With the amazing spring weather, we have had this year, many plants and trees have blossomed early and colony build-up has been rapid. Already, many colonies were extremely large for April and there have been many reports of swarm preparations and some large prime swarms – so be ready to avoid your bees swarming in May!
Providing temperatures are above 15°C, things to check for at each inspection are:
- Is the colony queen-right? (Can you see eggs, larvae at different stages and brood?)
- Is the brood a healthy biscuit colour and in a regular pattern?
- Is there enough free space in the brood area for the queen to lay and enough space in supers for stores?
- Are there any queen cells or signs of swarm preparations?
- Are there enough stores to last until your next visit? (At least the equivalent of 2 full frames.)
- Is there enough pollen to feed the larvae and young bees that are still developing?
- Does the apiary have an adequate water supply for these hot, dry conditions?
Strong Colonies Need Space
As queens build towards their maximum potential in terms of egg laying and hives become more populous, they need additional space for the queen to lay and for the growing number of worker bees to park themselves at night. Also it takes far more space for the house bees to ‘hang out’ the nectar and process it than the eventual capped honey will occupy. When congested, the workers will put nectar in any available space including the brood nest, preventing the queen from finding space to lay. As soon as the number of bees is covering about seven frames, add another box. At this time of year, it pays to super early and constantly look for signs of swarming.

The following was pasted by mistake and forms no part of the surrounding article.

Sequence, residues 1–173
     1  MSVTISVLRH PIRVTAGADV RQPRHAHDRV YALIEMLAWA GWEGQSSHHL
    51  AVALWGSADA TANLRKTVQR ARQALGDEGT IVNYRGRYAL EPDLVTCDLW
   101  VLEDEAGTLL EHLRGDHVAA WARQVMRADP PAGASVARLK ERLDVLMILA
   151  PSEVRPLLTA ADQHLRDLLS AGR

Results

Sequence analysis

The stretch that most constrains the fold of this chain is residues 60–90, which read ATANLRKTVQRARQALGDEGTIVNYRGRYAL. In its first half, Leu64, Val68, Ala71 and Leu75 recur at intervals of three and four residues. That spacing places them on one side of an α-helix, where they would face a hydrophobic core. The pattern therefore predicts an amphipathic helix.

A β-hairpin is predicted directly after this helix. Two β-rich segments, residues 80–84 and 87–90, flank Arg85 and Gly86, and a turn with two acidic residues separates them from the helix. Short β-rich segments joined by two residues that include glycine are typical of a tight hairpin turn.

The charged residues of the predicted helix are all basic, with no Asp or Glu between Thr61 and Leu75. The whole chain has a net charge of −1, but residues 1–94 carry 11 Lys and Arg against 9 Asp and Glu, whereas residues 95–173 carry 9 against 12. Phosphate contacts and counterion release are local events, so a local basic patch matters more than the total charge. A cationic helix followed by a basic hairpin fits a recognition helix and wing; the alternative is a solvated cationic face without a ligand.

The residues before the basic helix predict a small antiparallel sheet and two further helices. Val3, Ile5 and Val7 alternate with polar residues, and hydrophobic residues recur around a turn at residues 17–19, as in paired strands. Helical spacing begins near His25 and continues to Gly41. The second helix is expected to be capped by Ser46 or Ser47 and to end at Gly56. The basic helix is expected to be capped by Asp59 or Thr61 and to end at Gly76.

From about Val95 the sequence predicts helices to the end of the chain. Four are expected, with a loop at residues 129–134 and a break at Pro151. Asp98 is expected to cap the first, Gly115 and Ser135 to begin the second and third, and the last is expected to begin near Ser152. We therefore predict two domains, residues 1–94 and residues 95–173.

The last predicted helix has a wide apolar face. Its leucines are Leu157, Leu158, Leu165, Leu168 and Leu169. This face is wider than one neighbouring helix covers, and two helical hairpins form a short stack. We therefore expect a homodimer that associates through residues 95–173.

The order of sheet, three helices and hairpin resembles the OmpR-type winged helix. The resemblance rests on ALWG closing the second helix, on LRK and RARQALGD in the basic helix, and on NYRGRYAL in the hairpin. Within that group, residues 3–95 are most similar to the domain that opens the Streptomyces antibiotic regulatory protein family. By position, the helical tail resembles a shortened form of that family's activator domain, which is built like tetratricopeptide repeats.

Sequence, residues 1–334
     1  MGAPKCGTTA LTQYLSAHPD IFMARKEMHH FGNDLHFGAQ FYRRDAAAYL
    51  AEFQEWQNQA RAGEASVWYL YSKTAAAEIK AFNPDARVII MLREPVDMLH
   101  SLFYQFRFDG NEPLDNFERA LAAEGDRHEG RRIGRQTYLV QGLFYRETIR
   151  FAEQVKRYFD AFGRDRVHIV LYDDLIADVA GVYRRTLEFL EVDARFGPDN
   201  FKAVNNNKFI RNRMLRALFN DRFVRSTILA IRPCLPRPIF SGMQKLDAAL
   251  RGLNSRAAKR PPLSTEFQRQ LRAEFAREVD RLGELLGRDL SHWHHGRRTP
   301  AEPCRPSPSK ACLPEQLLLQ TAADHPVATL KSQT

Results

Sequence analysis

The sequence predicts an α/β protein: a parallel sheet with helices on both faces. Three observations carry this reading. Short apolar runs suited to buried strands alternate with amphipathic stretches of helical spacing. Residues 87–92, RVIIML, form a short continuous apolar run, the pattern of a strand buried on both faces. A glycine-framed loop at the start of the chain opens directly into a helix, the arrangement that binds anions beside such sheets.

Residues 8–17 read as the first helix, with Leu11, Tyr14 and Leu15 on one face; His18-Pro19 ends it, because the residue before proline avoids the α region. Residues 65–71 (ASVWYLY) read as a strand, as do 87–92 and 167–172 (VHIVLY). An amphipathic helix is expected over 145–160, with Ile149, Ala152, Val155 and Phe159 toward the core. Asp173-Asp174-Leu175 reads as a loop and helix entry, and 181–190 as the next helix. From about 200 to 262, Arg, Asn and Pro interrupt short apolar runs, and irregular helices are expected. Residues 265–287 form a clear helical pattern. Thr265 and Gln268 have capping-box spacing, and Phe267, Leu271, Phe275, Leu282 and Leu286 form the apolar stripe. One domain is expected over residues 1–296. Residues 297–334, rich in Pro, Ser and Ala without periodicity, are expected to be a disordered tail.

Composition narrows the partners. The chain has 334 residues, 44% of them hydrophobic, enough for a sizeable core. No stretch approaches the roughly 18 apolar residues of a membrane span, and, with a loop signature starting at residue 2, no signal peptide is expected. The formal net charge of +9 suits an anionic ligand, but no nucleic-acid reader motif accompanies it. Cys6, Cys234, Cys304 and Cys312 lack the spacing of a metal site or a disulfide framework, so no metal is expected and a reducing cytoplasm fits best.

Be Ready for Swarming!
As natural as it is for bees to swarm, 80% of colonies do not survive their first winter in the wild. Besides the normal nuisance to neighbours and other members of the public, with the current lockdown situation, many more people are out in their gardens. It is not entirely true that swarming bees don’t sting; when they’ve been out of the hive a long time before finding a suitable new home and are becoming hungry, they can become a little tetchy! Also, there are now the increased difficulties for swarm collectors of social distancing, needing to travel and where to house the swarm once collected or how to pass it on to another beekeeper. This is besides the likely loss of the honey crop. Understanding the factors which lead to swarming can help pre-empt losses. The main reasons are thought to be: the decreasing queen pheromone as she ages, congestion and lack of space, the increasing number of young bees in the colony with not enough work to do, the availability of forage, disease, the genetic make-up of that strain of bee and the season.
May is often the peak time for swarms so take prevention measures as soon as you see signs of swarm preparations: a large increase in the number of drones and young bees in the colony, plus polished play cups.
Ensure there is adequate space in the brood nest as well as add additional supers and have spare equipment ready. If you see charged queen cells with creamy white royal jelly, it’s time to take action or they will swarm on the first fine day after the cell is sealed on Day 8. Just removing queen cells is not a good or permanent solution – they will just build more and hide them better, so it is best to work with the bees’ instinct and fool them by performing an artificial swarm.